Have you ever considered a career in wine business & marketing? Did you know that you can study it academically, to a PhD level? Well Damien Wilson did just that, and currently shares his incredible understanding of markets, consumers and branding with students at the Dijon School of Wine & Spirits. He joined me on this episode of The Vincast to talk about how he got into the field and how important understanding about this complicated topic will be in the future.
It’s impossible not to like Bill Downie as he is such a down-to-earth person, a brilliantly talented winemaker, and is also incredibly humble. His skills are not his technical prowess, skills which he picked up for the most part learning on the job, but his ability to simply capture the essence of what nature provides in a certain place. He joined me on this episode of The Vincast to discuss his background, his approaches to wine, and how he imparts as little of himself to his pinot noir for William Downie Wines and the singular 1000 Candles from the Yarra Valley.
Peter Scudamore-Smith was Australia’s second ever Master of Wine, the most illustrious title and qualification one can receive in the wine industry. He has led a fascinating life of wine, and he joined me on the first episode of 2015 to discuss his origins in wine, working in both Australian and European wine markets, and how his love of Italy and France has led him to take tours there as part of his business Uncorked and Cultivated.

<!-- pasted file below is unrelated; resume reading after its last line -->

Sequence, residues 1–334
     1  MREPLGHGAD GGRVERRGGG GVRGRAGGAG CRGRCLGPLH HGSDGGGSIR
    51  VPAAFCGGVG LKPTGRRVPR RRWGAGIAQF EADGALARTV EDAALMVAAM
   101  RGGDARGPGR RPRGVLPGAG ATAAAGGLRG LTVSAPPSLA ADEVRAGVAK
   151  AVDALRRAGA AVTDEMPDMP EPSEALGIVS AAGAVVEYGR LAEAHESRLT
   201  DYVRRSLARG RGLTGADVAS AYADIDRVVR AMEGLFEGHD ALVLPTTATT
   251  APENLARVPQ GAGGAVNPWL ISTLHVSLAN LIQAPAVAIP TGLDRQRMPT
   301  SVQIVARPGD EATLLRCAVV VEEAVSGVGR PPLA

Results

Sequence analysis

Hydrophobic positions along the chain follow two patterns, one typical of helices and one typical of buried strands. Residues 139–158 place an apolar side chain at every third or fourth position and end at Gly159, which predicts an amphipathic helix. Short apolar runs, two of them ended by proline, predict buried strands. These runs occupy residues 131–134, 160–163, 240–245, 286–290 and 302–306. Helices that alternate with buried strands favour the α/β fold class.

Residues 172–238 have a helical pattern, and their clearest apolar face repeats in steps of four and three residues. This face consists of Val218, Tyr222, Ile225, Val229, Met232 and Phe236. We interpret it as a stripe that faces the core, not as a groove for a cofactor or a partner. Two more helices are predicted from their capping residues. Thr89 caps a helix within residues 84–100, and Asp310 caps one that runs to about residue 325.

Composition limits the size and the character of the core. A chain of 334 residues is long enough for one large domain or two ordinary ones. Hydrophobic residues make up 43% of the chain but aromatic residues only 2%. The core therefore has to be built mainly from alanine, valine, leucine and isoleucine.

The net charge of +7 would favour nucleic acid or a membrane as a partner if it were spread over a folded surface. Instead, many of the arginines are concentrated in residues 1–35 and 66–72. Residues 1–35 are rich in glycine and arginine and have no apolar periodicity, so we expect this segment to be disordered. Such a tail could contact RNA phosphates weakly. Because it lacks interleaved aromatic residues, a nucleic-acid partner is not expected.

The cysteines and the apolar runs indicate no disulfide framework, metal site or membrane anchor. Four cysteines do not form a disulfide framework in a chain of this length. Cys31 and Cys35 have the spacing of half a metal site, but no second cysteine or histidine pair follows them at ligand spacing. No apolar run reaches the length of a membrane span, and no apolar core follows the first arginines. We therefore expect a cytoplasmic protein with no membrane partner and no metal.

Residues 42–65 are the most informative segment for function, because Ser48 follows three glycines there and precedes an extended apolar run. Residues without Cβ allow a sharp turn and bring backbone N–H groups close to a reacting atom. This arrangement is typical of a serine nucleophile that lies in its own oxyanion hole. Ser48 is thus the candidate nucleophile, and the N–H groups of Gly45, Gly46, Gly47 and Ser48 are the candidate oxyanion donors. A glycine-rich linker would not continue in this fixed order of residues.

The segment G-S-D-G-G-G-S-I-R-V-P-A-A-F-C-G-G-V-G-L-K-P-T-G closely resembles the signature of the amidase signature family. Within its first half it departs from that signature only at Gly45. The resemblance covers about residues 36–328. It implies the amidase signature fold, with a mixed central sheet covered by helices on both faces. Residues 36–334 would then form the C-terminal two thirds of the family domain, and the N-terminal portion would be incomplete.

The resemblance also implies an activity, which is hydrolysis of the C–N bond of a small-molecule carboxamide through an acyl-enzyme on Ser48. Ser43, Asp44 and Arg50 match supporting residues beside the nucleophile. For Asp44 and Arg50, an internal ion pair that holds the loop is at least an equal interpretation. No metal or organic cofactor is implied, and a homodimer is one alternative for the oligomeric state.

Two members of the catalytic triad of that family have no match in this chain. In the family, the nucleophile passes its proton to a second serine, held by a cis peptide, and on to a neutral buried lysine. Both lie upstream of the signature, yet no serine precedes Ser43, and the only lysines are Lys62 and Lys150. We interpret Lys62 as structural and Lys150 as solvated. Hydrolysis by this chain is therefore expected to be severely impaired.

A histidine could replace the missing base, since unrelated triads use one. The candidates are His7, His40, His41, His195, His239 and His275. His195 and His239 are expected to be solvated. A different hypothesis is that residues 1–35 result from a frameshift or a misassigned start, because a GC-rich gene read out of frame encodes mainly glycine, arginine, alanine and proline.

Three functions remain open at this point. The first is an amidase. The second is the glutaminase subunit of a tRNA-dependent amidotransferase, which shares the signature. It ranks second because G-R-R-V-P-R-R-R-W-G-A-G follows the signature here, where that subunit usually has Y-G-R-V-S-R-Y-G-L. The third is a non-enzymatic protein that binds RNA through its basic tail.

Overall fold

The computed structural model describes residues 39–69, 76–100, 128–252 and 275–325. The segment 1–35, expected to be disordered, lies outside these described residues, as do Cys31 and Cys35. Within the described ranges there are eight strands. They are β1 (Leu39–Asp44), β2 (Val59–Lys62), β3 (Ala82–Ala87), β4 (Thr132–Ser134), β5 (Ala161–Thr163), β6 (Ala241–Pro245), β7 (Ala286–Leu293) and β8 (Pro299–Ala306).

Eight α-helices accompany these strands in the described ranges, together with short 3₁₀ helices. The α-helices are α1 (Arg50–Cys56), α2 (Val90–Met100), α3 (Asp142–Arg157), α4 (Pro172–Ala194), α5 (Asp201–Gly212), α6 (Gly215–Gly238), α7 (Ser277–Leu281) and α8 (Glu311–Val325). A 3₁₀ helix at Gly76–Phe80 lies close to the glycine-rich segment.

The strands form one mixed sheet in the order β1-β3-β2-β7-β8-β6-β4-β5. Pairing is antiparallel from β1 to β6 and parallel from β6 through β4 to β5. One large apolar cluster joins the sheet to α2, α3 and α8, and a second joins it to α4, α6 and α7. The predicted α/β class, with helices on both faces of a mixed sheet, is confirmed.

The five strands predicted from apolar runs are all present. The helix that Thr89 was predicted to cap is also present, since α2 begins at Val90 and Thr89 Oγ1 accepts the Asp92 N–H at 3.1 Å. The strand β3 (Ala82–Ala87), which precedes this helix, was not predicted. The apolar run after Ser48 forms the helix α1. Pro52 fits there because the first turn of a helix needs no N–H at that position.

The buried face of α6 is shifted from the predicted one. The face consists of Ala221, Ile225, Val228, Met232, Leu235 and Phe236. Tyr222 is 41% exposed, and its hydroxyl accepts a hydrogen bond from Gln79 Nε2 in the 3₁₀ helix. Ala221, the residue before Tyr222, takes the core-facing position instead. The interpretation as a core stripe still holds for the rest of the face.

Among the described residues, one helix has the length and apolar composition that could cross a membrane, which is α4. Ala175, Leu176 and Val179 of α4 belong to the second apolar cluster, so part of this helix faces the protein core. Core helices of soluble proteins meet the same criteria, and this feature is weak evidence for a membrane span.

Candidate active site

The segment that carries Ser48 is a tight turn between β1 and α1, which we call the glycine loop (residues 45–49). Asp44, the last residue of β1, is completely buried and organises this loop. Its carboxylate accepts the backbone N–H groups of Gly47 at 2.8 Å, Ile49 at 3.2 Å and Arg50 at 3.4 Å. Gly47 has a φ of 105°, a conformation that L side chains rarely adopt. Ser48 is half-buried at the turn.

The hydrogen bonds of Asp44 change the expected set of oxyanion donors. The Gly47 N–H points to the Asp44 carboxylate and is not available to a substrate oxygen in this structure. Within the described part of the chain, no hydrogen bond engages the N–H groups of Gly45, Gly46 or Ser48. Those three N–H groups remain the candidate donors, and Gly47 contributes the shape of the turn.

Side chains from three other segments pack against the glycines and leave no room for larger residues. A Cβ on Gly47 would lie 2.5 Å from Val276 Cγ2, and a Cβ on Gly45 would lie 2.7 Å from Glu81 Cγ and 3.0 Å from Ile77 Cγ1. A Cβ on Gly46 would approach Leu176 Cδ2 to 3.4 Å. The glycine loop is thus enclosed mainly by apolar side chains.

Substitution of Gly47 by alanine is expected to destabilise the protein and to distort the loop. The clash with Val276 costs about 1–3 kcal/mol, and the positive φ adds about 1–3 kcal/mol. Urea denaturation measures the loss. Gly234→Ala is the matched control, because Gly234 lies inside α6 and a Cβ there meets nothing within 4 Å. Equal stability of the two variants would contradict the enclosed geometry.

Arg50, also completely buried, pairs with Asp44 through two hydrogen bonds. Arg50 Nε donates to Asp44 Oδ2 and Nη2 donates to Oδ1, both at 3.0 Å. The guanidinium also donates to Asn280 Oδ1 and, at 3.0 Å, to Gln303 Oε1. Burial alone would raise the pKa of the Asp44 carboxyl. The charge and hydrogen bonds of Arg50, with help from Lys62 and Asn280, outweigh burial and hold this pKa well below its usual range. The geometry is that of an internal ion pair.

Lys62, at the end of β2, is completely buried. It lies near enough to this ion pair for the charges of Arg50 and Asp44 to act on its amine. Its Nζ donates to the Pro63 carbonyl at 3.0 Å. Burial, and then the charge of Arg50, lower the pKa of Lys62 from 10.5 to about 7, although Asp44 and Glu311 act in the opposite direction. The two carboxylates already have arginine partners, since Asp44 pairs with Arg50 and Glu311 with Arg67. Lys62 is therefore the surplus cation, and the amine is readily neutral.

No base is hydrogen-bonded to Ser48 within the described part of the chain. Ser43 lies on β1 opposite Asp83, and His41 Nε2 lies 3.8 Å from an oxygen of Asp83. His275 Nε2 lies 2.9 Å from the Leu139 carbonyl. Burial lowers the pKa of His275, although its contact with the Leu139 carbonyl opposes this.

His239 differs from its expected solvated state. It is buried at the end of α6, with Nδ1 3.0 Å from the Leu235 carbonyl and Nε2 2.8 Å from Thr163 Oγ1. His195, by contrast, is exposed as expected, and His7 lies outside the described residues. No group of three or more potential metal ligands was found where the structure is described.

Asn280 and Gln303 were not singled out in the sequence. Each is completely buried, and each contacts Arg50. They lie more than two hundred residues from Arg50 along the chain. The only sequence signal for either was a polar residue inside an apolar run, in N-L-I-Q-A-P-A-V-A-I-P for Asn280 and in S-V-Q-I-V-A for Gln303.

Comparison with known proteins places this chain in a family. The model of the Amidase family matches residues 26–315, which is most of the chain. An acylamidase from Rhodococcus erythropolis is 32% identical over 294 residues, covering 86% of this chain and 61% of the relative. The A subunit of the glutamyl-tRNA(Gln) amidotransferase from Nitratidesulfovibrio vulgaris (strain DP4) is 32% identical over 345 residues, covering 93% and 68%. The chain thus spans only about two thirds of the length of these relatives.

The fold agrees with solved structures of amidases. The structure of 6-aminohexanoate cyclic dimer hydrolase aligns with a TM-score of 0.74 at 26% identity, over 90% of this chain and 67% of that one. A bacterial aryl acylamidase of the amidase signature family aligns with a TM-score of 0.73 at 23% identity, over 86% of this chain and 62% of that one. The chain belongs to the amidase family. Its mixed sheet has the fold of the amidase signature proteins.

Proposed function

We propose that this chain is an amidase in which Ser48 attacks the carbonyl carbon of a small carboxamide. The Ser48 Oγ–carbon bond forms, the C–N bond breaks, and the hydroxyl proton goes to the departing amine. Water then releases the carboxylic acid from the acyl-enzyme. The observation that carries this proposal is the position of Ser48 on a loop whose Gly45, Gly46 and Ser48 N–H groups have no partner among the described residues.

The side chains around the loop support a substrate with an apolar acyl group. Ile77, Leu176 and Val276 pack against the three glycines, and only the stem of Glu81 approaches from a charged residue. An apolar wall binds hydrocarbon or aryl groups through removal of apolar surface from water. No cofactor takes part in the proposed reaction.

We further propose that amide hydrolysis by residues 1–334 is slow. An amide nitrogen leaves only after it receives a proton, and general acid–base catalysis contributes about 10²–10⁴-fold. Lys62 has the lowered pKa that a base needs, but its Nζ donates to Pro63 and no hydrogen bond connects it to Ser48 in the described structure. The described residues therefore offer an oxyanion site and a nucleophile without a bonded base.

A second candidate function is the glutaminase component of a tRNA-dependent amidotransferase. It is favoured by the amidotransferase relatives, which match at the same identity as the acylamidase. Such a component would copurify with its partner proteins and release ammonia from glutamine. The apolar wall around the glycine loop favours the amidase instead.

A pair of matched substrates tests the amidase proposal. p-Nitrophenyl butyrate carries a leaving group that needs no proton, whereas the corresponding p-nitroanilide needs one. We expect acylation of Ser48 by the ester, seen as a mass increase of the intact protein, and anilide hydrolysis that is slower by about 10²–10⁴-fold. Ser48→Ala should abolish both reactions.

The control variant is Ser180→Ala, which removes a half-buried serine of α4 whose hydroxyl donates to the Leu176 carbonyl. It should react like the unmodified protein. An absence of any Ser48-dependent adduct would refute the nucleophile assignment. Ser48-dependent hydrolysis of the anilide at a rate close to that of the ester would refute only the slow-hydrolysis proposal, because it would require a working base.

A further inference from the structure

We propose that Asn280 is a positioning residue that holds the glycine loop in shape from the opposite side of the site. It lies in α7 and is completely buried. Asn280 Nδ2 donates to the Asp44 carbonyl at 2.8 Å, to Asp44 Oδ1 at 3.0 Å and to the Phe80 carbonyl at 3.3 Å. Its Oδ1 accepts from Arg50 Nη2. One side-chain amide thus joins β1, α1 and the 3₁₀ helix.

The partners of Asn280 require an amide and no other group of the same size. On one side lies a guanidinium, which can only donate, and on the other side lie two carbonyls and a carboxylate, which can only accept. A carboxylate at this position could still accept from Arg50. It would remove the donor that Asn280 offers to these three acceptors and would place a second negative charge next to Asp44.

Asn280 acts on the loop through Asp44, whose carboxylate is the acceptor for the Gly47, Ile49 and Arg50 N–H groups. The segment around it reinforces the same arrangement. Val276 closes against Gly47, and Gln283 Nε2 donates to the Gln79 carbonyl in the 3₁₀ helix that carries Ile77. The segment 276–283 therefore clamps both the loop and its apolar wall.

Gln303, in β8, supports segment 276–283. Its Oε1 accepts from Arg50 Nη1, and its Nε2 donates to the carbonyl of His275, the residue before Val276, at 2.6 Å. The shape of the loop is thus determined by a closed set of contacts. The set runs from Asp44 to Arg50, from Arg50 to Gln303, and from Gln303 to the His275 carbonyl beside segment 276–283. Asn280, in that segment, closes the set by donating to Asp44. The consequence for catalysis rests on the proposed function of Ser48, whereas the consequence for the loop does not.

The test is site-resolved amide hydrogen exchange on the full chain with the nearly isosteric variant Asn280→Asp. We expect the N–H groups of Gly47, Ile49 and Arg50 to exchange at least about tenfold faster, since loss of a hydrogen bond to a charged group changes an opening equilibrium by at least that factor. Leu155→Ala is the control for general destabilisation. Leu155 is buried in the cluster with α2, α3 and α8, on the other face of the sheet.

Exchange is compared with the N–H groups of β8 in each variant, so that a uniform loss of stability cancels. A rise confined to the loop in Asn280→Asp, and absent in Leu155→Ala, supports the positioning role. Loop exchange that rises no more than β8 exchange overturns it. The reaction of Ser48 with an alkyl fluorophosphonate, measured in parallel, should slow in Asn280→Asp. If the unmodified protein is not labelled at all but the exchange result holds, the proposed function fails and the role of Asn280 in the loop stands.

Burch Family Wines although new in name originates back in the mid 1980s, when Howard Park was first established in the Denmark area of Great Southern in Western Australia. In the last 30 years or so it has gone from strength to strength, expanding to the Margaret River and recently becoming a member of Australia’s First Families of Wine, an initiative designed to highlight the unique regions and families behind some of the countries best loved producers. Richard Burch is one of the ‘next gen’ of the group, and he joins me to talk about what this means to him as well as some of the exciting initiatives the group is engaging in to get the message out to the world.
The Bentleigh Tasting Group met again recently, and this time the theme was a particular appellation in the Cote-d’Or of Burgundy; Morey-St-Denis. Not unlike the first tasting, it was incredibly hard to source wines for this tasting, particularly as it was a single appellation, and the wine also had to be younger 2008 or younger. On a fixed income the $100 price tag was a bit tough, but at the end of the day it was worth it to be able to taste not one but 10 outstanding examples. Also like the first tasting and limited access to wine there were two bottles that were the same, and again through bottle variation looked different. Here are my notes from the tasting. Continue reading →
All content on this website, including text, images, audio and video, remains the sole property of the author unless otherwise acknowledged and appropriately credited. Unauthorised use and/or duplication of content without express and written permission from the author is strictly prohibited. Content may be used for reproduction provided that full and clear credit is given to James Scarcebrook and/or The Intrepid Wino with appropriate and specific direction to the original content.